Kaelen Wilson-Goldie

  • SPEAKING VOLUMES

    OVER THE PAST THIRTY YEARS, the artist Moyra Davey has made ten ever more luminous and ambitious films. Each of them is at once a work of continuity and rupture, from the quirky Hell Notes, 1990, which scours the bedrock of Manhattan and loops around the island’s coastline while piecing together a collage-like Super 8 meditation on the subjects of land, money, sewage, and waste, to the prickly i confess, 2019, which links a passionate rereading of James Baldwin’s ravishing novel Another Country (1962) to an extremely discomforting reconsideration of the writer Pierre Vallières, who led the

  • LET THE RECORD SHOW

    TWO COLOSSAL STONE BEASTS guard the archway over the threshold of gallery 401, on the second floor of New York’s Metropolitan Museum of Art, just south of the grand balcony overlooking the architectural splendor of the institution’s great hall. The alabaster figures are about three thousand years old and weigh some sixteen thousand pounds each. Known as lamassu, they represent supernatural creatures, protective spirits, hybrid deities with human heads and animal bodies. Impressive feathered wings extend backward from their shoulders. Long geometric beards hang from their faces. They wear horned

  • Helen Frankenthaler

    “THE BEAUTIES OF HELEN FRANKENTHALER’S WORK are various and dramatic,” wrote the poet and critic Frank O’Hara. The year was 1960, and Frankenthaler, just thirty-one, was enjoying her first major survey, at the Jewish Museum in New York. “She is willing to risk the big gesture, to employ huge formats so that her essentially intimate revelations may be more fully explored and delineated,” O’Hara continued in his catalogue essay. “She is willing to declare erotic and sentimental pre-occupations full-scale and with full conviction.”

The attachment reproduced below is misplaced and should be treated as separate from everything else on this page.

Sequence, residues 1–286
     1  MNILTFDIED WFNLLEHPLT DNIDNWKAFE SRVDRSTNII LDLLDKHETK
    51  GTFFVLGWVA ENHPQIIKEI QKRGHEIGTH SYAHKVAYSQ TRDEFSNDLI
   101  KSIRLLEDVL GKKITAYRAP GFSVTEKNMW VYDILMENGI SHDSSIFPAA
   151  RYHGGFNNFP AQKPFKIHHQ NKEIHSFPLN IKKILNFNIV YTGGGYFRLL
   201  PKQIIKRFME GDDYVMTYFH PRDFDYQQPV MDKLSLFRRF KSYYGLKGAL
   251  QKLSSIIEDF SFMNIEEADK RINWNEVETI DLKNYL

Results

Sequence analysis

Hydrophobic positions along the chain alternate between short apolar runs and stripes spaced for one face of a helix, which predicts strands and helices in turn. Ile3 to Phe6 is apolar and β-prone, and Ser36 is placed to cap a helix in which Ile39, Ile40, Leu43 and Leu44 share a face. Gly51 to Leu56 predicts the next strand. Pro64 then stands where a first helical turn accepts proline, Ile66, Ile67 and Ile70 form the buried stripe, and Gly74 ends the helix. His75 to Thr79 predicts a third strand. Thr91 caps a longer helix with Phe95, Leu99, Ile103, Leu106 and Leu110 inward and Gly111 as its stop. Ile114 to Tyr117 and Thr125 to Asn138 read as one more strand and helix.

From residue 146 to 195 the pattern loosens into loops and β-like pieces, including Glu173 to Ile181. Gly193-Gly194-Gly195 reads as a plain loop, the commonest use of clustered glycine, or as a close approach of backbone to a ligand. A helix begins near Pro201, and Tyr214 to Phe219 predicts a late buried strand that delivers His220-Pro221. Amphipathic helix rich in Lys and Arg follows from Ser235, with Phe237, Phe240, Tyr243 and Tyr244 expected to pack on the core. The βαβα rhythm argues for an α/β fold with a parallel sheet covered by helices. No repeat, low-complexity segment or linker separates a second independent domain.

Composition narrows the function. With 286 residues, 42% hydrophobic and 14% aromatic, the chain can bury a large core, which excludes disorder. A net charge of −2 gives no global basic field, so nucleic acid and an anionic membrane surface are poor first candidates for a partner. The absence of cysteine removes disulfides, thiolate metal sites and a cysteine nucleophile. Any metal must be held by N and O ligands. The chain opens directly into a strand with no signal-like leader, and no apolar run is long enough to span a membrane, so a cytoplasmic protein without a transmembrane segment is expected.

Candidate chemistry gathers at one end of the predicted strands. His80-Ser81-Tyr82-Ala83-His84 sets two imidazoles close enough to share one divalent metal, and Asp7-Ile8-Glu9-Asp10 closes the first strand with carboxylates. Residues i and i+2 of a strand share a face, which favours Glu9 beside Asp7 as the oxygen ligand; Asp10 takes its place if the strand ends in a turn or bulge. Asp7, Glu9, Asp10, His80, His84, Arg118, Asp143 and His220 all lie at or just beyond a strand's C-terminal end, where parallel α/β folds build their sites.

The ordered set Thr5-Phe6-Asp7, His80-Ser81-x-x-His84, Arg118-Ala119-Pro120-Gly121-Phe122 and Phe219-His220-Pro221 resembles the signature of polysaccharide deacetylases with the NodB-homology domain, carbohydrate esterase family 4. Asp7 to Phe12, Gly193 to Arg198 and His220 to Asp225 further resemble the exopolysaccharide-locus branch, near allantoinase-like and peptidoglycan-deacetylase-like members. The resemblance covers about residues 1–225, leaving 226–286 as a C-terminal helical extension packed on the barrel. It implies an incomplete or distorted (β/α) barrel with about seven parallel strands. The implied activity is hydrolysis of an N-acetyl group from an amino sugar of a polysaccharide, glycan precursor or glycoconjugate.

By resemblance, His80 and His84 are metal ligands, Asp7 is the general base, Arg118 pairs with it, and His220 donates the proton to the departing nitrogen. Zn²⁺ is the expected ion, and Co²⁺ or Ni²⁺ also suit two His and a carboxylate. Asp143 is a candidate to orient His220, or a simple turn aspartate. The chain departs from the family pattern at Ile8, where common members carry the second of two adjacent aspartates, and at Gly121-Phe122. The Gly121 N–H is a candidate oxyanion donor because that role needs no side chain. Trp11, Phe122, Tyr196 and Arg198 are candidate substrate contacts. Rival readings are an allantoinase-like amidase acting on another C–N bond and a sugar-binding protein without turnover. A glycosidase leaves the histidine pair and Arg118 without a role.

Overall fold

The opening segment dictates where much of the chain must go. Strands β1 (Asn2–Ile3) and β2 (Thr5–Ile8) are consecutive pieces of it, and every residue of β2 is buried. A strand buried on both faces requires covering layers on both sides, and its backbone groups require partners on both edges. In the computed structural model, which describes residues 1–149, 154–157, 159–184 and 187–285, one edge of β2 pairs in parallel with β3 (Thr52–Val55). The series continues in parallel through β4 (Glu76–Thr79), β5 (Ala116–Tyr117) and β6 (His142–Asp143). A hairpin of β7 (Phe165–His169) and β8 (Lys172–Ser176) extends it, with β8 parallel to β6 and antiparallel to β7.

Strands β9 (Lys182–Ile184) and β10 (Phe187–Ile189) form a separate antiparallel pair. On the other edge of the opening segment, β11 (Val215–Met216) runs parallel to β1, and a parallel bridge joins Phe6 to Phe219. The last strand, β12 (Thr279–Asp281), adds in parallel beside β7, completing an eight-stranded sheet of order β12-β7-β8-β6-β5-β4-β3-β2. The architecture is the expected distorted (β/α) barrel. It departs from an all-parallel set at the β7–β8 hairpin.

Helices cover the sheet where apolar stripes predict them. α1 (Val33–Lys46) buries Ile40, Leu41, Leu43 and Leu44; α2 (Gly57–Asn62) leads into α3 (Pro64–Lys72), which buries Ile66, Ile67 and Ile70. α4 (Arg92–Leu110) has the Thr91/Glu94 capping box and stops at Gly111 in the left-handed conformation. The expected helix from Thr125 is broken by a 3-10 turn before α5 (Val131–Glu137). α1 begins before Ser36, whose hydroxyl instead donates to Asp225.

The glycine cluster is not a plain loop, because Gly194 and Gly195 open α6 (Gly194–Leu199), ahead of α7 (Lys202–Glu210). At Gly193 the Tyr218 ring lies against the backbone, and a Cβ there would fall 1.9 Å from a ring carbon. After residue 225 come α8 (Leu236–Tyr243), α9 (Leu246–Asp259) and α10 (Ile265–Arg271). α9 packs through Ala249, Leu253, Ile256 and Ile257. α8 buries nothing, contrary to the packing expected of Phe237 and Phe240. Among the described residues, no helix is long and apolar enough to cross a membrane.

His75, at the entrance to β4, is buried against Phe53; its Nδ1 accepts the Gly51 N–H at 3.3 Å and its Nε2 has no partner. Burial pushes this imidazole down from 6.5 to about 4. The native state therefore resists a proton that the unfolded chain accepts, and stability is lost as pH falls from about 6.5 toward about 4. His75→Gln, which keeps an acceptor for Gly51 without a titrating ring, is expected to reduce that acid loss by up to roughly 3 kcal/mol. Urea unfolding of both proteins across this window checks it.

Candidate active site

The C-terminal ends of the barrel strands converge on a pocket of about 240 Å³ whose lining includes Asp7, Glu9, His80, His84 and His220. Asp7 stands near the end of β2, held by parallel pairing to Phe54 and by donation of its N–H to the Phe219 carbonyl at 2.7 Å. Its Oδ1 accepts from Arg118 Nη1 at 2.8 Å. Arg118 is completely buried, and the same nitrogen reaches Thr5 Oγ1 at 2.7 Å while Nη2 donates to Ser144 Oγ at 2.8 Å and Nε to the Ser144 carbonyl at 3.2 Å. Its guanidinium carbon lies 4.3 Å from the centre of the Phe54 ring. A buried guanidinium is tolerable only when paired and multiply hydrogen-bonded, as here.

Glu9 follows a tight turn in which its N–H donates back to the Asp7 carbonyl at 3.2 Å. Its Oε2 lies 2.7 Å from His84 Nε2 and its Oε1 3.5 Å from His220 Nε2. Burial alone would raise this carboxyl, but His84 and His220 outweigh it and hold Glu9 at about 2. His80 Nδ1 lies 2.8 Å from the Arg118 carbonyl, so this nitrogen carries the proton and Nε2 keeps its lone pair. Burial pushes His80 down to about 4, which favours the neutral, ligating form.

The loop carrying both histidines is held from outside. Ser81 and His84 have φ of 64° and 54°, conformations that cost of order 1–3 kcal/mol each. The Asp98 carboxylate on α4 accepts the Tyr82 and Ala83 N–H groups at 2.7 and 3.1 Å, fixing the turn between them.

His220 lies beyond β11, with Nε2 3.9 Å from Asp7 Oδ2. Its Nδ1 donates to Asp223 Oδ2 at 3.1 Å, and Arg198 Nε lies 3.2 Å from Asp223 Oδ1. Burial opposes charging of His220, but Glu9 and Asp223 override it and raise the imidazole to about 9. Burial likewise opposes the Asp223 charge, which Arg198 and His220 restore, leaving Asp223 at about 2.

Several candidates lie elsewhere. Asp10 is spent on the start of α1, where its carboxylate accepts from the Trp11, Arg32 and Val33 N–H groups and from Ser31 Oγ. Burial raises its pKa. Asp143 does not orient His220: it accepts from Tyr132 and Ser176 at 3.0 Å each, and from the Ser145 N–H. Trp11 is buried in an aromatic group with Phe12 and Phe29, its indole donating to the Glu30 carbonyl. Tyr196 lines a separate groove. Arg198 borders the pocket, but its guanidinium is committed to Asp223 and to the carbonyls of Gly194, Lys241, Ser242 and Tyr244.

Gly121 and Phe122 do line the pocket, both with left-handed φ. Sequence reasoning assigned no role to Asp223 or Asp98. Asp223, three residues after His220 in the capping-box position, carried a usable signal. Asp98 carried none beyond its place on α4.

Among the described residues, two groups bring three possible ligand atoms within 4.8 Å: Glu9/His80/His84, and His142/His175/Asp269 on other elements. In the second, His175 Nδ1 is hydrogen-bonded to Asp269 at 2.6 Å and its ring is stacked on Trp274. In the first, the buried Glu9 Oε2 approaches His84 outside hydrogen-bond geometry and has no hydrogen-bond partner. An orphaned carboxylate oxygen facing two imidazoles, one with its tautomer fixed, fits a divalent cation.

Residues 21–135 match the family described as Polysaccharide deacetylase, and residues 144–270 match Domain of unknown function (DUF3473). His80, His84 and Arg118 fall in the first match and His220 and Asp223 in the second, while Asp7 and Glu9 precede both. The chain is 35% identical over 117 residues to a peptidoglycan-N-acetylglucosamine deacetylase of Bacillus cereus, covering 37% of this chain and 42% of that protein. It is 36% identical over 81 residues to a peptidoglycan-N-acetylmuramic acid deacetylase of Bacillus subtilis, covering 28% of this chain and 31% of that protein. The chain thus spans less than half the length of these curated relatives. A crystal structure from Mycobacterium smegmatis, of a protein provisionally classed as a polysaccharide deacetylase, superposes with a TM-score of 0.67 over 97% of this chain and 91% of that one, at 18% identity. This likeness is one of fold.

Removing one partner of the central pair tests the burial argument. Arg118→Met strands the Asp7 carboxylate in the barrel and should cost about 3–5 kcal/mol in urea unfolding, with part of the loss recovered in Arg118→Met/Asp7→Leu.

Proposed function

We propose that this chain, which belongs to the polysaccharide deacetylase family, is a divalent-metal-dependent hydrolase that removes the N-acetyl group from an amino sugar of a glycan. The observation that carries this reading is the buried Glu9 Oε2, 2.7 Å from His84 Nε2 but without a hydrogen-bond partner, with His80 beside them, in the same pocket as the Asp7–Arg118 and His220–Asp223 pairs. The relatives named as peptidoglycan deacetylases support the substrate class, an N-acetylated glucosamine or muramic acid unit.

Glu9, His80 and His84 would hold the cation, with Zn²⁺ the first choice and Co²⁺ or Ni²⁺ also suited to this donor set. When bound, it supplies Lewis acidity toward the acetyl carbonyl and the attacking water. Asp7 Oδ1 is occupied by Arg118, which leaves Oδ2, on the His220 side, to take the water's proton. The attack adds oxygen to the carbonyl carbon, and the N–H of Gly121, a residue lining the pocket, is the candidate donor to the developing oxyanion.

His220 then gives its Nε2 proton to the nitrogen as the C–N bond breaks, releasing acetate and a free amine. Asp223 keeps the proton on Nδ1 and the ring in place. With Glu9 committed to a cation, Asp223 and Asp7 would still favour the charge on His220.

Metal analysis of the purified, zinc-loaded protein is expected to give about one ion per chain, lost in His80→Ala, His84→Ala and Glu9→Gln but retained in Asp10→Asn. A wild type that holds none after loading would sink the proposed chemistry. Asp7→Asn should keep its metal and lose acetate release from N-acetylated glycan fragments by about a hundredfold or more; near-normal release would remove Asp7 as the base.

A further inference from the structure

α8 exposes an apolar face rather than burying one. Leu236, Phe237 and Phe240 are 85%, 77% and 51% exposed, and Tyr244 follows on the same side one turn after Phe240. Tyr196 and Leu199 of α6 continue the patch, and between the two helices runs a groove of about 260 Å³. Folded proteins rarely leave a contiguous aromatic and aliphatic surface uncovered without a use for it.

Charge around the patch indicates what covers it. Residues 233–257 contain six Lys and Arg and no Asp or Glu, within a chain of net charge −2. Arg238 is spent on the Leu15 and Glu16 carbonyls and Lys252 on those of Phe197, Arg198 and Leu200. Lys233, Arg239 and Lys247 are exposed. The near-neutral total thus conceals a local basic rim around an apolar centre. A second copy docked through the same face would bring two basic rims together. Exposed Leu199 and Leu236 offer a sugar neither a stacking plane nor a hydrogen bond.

Tragically, O’Hara lived to see only the first few movements in the

  • FEINT PRAISE

    IN THE MID-1980S, the Egyptian writer Mahmoud Abdel-Razik Afifi noticed that whenever fans gathered in a stadium in Cairo to watch football, their attention was easily drawn to pigeons flying overhead. Afifi wrote popular novels about sex, religion, and fame. According to a critic at Cairo University, he was a literary outcast who appealed to marginalized readers. The press snubbed him, as did the mainstream publishing industry. As a result, Afifi was primarily self-published. Following his avian epiphany, he developed a set of ingenious publicity stunts. He gave himself the nickname Adib

  • 4th Kochi-Muziris Biennale

    THE MOST HAUNTING IMAGE from “Possibilities for a Non-Alienated Life,” Anita Dube’s strong, sensitive exhibition constituting the fourth edition of the Kochi-Muziris Biennale, is an old photograph that appears nowhere in the show itself but accompanied virtually all of the early press releases announcing the event. The image is undated and the author is unknown. Shot in what looks like an abandoned field or parade ground, it captures the wildly engaging forms of artist K. P. Krishnakumar’s Boy Listening, 1985. Made of painted plaster, cloth, and fiberglass, the otherworldly sculpture groups

  • TODAY IN HISTORY

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    EARLY ONE MORNING this past November, Turkish police rounded up and detained more than a dozen people involved in the arts, culture, and academia in Istanbul. It wasn’t by any means the first time the authorities had targeted such figures. Artists, journalists, professors, human-rights activists, people who work on such sensitive topics as Syrian refugees or Kurdish issues or the Armenian genocide, leftists ranging from Marxist to mild, and countless others have all been caught up in a major crackdown, extendingover several years now, by the government of Recep Tayyip Erdoğan.